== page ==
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Artist critiques
'don't ask' discharges

Artist critiques
'don't ask' discharges

The work of up-and-coming artist Michael Petry, to be featured in a New York gallery, takes an abstract approach to the U.S. antigay "don't ask, don't tell" military policy.

In the installation titled "Monument to an Unknown Soldier: Portrait of an American Patriot," Petry allegedly asked a gay American veteran to provide a sperm sample, which appears to have been splashed on the flag. The stains were then used as a pattern for embroidery to be sewn into the flag.

Petry explained, "The soldier must remain unknown or face expulsion from an Army that was happy to see him serve, and possibly lose his life, yet not love nor make that love known."

The policy, established in 1993, prohibits the military from inquiring about the sex lives of service members but requires the discharge of those who acknowledge being gay.

Another work, "5star," which features five red, white, and blue inconspicuous bowls, actually takes its pattern from the sphincters of gay American porn stars who perform in military-themed films.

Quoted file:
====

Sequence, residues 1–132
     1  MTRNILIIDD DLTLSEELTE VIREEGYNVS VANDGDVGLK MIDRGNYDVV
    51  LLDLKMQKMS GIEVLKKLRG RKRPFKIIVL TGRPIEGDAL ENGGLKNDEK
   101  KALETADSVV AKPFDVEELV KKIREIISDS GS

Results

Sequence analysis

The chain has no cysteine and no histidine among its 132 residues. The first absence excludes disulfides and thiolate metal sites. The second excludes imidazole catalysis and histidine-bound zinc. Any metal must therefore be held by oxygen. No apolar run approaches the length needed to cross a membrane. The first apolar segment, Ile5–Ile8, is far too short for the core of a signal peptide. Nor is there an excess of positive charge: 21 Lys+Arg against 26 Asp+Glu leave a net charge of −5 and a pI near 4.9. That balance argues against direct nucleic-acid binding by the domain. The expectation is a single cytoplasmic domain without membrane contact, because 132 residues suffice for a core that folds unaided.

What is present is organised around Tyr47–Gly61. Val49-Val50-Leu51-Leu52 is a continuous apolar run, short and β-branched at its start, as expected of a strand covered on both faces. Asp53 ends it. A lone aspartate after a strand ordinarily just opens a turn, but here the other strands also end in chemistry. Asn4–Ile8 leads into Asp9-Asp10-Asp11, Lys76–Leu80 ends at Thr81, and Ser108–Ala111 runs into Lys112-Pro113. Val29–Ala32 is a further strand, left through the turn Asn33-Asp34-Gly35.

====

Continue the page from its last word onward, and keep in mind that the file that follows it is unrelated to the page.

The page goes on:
"In 2006 real members of the U.S. Army were imprisoned for consensual same-sex love, while soldiers who tortured and murdered Iraqi civilians were merely fined. The work opens itself to the viewer, yet remains five beautiful blossoms unaffected by any histories," said Petry.

Petry lectures part-time at the Royal College of Art in London and is a research fellow at the School of Art and Design at the University of Wolverhampton, England.

The exhibition opens Thursday and runs through February 4 at the Sundaram Tagore Gallery at 547 W. 27th St., New York. (Hassan Mirza, U.K.)

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